Did We Get The Right Privacy Tort?
Note from the Editor:
The upcoming IAPP Canada Privacy Symposium will feature insights from some of the nation's top privacy experts and officials. Among several topics, the breakout session Trendspotting: Privacy Litigation in 2013 will offer insight into current and evolving trends in Canadian privacy law.
As Canadian privacy professionals will know, 2012 saw a significant development in Canadian tort law with respect to privacy. While some lower courts have recognized an “invasion of privacy” tort or said there might be one, higher courts refused to countenance the existence of such a tort until the Ontario Court of Appeal did so in Jones v. Tsige.
In Jones, the court recognized the tort of “intrusion upon seclusion”—one of the four types of torts catalogued by William Prosser in his famous 1960 article. As defined by the Ontario Court of Appeal, the tort has three specific elements: (i) intentional or reckless conduct on the part of the defendant that (ii) resulted, without lawful justification, in an invasion of the plaintiff's private affairs (iii) such that a reasonable person would regard the invasion as “highly offensive,” causing distress, humiliation or anguish. The “reasonable person” test is intended to avoid claims based on the plaintiff’s subjective sensitivity or concern.
Looking at American tort law and Canadian Charter cases, one can see this test being eventually based on a totality of the circumstances. This means an examination of “means” and “purpose” and suggests courts will engage in some type of balancing exercise. All good, but, in this day and age, is this tort of intrusion upon seclusion enough?
I pose this question because our ability to prevent the misuse of information about ourselves is getting harder—even with privacy statutes. We live in a world where “surreptitious genetic testing” and “revenge porn” are not TV plotlines and where the latest thing to be hyped is “Big Data.” Just when you think we’ve got it all figured out, another disruptive technology will come along.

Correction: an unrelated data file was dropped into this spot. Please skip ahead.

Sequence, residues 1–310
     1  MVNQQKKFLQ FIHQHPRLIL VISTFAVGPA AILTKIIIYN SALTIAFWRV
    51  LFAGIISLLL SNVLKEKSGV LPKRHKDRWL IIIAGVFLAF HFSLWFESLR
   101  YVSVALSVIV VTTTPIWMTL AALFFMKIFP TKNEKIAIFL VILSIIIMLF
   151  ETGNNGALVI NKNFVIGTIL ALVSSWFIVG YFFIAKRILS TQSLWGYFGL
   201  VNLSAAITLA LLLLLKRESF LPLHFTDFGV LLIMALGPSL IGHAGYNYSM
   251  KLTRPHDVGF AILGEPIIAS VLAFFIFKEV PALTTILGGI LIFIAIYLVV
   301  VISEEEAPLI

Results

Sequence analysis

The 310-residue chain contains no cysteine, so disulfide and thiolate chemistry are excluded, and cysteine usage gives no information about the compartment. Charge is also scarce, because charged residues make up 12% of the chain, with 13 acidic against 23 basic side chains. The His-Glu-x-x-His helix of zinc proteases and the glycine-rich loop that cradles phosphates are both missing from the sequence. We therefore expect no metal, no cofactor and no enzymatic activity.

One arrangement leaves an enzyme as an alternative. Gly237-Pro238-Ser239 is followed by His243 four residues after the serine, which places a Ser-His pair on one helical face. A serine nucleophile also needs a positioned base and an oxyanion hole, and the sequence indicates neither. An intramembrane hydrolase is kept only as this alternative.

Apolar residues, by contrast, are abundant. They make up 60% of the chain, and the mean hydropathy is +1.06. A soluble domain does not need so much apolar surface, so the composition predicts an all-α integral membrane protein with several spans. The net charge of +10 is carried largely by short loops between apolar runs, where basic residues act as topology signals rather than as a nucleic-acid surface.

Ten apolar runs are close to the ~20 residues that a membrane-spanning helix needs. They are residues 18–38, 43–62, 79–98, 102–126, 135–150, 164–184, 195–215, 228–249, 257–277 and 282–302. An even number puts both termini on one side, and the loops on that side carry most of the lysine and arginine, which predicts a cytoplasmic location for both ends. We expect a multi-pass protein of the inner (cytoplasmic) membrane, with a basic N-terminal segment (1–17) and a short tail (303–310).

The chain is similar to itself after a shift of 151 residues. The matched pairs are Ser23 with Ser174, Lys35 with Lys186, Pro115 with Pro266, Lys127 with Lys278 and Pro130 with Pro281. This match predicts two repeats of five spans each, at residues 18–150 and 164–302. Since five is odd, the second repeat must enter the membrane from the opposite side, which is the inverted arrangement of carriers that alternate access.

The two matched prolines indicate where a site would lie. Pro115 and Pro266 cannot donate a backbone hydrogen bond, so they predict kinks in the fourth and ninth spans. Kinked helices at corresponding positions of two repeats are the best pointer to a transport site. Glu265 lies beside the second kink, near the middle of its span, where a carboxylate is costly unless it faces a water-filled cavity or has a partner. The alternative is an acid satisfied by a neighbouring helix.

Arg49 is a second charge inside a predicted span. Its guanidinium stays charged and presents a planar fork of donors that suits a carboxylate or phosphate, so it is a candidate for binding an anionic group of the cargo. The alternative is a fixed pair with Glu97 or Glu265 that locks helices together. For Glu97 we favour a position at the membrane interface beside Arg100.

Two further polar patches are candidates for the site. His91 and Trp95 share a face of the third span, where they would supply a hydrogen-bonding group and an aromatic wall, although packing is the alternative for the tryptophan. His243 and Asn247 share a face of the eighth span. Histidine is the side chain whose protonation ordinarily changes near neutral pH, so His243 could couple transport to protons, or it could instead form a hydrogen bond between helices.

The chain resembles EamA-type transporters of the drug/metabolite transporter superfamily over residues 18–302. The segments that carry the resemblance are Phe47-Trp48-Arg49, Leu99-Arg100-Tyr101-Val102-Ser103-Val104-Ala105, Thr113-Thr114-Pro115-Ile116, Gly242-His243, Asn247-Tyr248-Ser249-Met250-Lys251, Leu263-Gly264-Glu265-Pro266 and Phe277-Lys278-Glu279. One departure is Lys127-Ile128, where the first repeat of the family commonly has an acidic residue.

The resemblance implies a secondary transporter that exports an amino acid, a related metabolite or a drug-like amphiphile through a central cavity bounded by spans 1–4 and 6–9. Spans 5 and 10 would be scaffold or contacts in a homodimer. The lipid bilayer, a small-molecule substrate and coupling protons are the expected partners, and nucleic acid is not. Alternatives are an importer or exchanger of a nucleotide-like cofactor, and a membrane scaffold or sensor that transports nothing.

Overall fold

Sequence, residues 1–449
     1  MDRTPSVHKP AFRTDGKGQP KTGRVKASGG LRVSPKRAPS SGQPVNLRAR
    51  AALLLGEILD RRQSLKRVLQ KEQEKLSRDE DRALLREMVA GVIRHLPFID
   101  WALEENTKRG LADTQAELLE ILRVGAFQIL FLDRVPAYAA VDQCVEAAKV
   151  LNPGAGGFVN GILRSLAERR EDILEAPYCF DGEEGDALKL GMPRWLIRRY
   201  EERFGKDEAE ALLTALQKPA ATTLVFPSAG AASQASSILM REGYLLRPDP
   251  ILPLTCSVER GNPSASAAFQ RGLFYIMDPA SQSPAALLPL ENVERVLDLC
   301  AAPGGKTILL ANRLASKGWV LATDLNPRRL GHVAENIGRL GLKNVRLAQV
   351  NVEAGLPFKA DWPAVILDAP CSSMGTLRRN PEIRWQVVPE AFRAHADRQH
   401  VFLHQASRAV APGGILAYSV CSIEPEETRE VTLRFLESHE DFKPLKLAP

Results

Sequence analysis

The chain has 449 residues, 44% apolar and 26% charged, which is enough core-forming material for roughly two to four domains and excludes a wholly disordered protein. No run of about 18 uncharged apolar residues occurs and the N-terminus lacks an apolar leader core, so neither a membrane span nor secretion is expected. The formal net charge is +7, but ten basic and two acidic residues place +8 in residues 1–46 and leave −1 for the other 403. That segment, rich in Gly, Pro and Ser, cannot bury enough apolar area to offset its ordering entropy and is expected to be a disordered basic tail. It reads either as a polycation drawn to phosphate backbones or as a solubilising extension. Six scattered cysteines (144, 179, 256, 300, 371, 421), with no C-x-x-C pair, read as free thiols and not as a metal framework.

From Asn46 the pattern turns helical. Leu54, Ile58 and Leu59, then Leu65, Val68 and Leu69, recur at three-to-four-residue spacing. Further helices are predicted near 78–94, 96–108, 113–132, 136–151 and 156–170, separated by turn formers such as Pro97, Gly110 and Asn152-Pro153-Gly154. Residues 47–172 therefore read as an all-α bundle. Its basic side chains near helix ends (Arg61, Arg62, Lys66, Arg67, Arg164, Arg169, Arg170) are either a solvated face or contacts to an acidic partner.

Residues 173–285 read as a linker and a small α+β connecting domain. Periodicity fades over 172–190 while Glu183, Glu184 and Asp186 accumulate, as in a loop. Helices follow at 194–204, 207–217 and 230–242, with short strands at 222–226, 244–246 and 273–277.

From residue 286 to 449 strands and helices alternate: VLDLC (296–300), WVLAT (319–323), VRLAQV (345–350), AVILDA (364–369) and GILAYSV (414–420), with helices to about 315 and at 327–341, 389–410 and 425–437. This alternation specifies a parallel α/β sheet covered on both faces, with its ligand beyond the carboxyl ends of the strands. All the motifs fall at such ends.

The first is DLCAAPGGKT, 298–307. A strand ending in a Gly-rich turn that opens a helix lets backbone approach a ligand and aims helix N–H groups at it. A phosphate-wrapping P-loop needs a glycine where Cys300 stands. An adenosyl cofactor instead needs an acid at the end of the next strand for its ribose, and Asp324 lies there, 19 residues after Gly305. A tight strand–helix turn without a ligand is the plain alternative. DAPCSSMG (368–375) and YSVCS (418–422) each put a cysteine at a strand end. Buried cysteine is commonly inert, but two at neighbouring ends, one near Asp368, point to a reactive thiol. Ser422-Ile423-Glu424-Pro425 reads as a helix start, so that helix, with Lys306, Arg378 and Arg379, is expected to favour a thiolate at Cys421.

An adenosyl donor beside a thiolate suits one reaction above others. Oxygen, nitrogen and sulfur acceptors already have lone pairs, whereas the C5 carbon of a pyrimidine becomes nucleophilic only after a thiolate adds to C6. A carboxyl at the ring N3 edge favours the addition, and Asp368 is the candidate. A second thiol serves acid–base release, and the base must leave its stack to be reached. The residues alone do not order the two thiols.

In terms of privacy protection, the concept of “highly offensive” may be troubling for courts looking to apply Jones. Don’t take my word on it. Lord Nicholls of the UK’s House of Lords, in the 2004 case of Campbell v. MGN Limited, addressed the use of “highly offensive”:
“This particular formulation should be used with care, for two reasons. First, the 'highly offensive' phrase is suggestive of a stricter test of private information than a reasonable expectation of privacy. Second, the 'highly offensive' formulation can all-too-easily bring into account, when deciding whether the disclosed information was private, considerations which go more properly to issues of proportionality, for instance, the degree of intrusion into private life and the extent to which publication was a matter of proper public concern. This could be a recipe for confusion.”
Complicating matters is the fact that different generations appear to have different notions of privacy and that may eventually play into what constitutes a “reasonable expectation of privacy” since societal values form a foundation for an “objective” standard.
The House of Lords went in a different direction—one based, in part, on an aspect of UK Human Rights Act and, in part, on previous common law cases involving the tort of “breach of confidence.” The result was the recognition of the tort “misuse of private information.” As defined in Campbell and the 2008 case of Murry v Big Pictures (UK) Ltd, a misuse of private information occurs if (i) the plaintiff can prove that they had a “reasonable expectation of privacy” in relation to the information, and (ii) the defendant cannot prove there was a justification for the disclosure of the information—for example, an overriding “public interest.”
While Jones certainly advances Canadian privacy law, and leaving aside whatever may happen in the advancement of privacy statutes, it’s not clear that the tort of intrusion upon seclusion will be enough to deal with privacy in the 21st century. Please keep in mind that today we have greater private and public surveillance, easier access to collection technologies, the content delivery vehicle that is the Internet and, with more and more data breaches reported, an apparent inability to protect data. Instead of the focus being on collection through “intrusion upon seclusion,” we may wish to think about shifting the focus to the “use” of personal information. If tort law is going to be another tool to protect privacy, we may yet need a new and different tort.
About the Author
Michael Power is a lawyer and consultant providing legal, policy and governance advice to public- and private-sector organizations in Canada, the U.S. and Europe. He is the author of Halsbury’s Laws of Canada—Access to Information and Privacy and co-author of Sailing in Dangerous Waters: A Director’s Guide to Data Governance published by the American Bar Association. His latest book, The Law Of Privacy, will be published by LexisNexis in June 2013. He is a member of the Law Society of Upper Canada and the Nova Scotia Barristers’ Society and currently serves as an Adjunct Professor at Osgoode Hall Law School.